Support the Monkey! Tell All your Friends and Teachers

Help / FAQ

<- Previous | Table of Contents | Next -> Digital Library - Digital Library-Jane Eyre by Charlotte Bronte


nurse,’ said he; ‘you can go down; I’ll give Miss Jane a lecture till
you come back.’ Bessie would rather have stayed, but she was
obliged to go, because punctuality at meals was rigidly enforced at
Gates-head Hall.

‘The fall did not make you ill; what did, then?’ pursued Mr. Lloyd
when Bessie was gone.

‘I was shut up in a room where there is a ghost till after dark.’ I
saw Mr. Lloyd smile and frown at the same time. ‘Ghost! What,
you are a baby after all! You are afraid of ghosts?’ ‘Of Mr. Reed’s
ghost I am: he died in that room, and was laid out there. Neither
Bessie nor any one else will go into it at night, if they can help it;
and it was cruel to shut me up alone without a candle,- so cruel
that I think I shall never forget it.’ ‘Nonsense! And is it that makes
you so miserable? Are you afraid now in daylight?’ ‘No: but night
will come again before long: and besides,- I am unhappy,- very
unhappy, for other things.’ ‘What other things? Can you tell me
some of them?’ How much I wished to reply fully to this question!
How difficult it was to frame any answer! Children can feel, but
they cannot analyse their feelings; and if the analysis is partially
effected in thought, they know not how to express the result of the
process in words. Fearful, however, of losing this first and only
opportunity of relieving my grief by imparting it, I, after a
disturbed pause, contrived to frame a meagre, though, as far as it
went, true response.

‘For one thing, I have no father or mother, brothers or sisters.’ ‘You
have a kind aunt and cousins.’ Again I paused; then bunglingly
enounced‘But John Reed knocked me down, and my aunt shut me
up in the red-room.’ Mr. Lloyd a second time produced his snuff-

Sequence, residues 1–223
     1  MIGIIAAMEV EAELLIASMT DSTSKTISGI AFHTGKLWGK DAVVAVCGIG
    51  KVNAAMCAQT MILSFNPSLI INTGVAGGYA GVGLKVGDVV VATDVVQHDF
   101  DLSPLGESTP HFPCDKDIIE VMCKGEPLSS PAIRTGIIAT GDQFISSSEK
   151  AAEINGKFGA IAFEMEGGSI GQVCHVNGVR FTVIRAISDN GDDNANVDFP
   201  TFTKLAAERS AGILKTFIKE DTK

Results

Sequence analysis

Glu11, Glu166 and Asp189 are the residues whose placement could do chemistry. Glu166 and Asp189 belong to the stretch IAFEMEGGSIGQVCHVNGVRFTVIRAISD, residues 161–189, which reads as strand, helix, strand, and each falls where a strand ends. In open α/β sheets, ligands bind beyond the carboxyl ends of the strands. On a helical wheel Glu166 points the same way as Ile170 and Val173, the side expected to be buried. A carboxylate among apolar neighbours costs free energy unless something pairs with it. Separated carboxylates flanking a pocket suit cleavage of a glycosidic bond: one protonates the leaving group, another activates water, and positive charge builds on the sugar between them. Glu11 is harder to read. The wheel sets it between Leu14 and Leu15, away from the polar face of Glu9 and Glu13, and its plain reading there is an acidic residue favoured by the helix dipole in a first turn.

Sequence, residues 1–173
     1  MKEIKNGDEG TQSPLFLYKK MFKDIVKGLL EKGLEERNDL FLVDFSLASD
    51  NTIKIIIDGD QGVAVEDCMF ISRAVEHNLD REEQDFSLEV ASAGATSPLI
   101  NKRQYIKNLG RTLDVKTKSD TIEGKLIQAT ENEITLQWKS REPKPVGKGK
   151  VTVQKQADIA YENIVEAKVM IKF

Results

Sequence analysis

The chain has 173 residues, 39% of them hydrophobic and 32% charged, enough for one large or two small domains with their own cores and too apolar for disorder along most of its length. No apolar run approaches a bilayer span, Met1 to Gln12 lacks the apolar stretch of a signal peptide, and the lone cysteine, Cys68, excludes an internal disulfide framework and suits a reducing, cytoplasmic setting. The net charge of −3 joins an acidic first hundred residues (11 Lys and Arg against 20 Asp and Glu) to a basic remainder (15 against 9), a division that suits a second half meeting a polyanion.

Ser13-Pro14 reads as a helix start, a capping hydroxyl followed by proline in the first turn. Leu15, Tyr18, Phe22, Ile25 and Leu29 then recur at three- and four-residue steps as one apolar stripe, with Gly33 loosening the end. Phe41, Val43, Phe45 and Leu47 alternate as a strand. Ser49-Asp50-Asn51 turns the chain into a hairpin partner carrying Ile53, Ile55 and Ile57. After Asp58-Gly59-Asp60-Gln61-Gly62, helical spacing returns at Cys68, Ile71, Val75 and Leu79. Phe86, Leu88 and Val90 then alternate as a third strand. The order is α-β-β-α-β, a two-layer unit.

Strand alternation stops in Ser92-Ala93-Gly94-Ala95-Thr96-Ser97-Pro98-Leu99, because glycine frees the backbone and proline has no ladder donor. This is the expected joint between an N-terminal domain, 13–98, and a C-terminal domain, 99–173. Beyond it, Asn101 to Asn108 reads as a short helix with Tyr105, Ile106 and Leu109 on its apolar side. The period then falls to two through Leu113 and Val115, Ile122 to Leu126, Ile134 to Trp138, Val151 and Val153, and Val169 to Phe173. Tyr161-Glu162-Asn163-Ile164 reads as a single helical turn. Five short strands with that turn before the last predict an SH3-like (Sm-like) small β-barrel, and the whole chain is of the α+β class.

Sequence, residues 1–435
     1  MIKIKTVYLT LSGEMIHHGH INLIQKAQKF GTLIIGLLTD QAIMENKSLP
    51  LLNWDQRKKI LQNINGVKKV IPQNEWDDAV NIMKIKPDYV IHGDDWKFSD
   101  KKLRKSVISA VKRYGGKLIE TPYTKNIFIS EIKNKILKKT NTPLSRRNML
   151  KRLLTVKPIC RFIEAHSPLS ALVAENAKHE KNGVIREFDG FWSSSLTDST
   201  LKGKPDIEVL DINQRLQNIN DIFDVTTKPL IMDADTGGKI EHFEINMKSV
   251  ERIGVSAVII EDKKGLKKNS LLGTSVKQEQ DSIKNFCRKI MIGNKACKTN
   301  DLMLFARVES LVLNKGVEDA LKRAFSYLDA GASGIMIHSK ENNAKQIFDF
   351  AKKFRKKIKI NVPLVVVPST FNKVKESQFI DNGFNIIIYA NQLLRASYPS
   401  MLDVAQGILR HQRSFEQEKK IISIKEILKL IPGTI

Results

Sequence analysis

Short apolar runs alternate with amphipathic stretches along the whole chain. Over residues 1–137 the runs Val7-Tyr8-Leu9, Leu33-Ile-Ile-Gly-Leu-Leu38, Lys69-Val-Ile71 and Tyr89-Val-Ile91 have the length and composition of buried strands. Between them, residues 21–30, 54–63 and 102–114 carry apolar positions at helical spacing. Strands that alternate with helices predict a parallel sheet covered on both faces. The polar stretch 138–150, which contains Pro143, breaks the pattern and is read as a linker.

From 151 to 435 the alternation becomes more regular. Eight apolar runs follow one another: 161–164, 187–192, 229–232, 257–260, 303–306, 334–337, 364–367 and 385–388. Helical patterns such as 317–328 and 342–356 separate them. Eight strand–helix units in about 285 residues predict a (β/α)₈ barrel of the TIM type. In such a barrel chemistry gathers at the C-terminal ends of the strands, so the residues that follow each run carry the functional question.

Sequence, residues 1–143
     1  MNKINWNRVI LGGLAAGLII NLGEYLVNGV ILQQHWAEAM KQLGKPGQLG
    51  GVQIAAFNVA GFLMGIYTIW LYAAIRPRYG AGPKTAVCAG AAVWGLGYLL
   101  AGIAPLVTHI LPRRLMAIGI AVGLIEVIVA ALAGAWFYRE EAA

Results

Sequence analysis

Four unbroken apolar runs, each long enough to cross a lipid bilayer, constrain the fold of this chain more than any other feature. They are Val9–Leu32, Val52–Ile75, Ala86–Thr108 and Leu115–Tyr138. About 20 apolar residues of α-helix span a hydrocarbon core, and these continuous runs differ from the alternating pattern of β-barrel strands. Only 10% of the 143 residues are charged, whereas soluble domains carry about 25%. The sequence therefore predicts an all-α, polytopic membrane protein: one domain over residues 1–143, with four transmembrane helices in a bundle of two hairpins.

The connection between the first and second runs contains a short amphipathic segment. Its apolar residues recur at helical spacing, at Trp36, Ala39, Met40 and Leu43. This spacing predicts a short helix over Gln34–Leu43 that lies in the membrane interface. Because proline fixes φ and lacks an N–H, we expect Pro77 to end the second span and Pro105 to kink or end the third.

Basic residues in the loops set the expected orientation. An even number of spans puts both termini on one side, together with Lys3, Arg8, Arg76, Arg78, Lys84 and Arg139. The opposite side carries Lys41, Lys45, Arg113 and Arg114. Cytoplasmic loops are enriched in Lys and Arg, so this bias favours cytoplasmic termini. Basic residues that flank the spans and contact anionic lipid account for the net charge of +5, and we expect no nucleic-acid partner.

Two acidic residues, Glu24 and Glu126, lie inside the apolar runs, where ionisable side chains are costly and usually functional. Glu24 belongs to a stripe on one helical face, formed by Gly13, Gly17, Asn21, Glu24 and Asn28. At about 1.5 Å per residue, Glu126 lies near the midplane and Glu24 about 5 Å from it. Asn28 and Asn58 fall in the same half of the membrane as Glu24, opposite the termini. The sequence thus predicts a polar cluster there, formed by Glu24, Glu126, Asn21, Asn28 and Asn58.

‘Don’t you think Gateshead Hall a very beautiful house?’ asked he.
‘Are you not very thankful to have such a fine place to live at?’ ‘It is
not my house, sir; and Abbot says I have less right to be here than a
servant.’ ‘Pooh! you can’t be silly enough to wish to leave such a
splendid place?’ ‘If I had anywhere else to go, I should be glad to
leave it; but I can never get away from Gateshead till I am a
woman.’ ‘Perhaps you may-who knows? Have you any relations
besides Mrs. Reed?’ ‘I think not, sir.’

‘None belonging to your father?’ ‘I don’t know: I asked Aunt Reed
once, and she said possibly I might have some poor, low relations
called Eyre, but she knew nothing about them.’ ‘If you had such,
would you like to go to them?’ I reflected. Poverty looks grim to
grown people; still more so to children: they have not much idea of
industrious, working, respectable poverty; they think of the word
only as connected with ragged clothes, scanty food, fireless grates,
<- Previous | Table of Contents | Next -> Digital Library - Digital Library-Jane Eyre by Charlotte Bronte

All Contents Copyright © All rights reserved.
Further Distribution Is Strictly Prohibited.

About Us | Advertising | Contact Us | Privacy Policy | Home Page

In Association with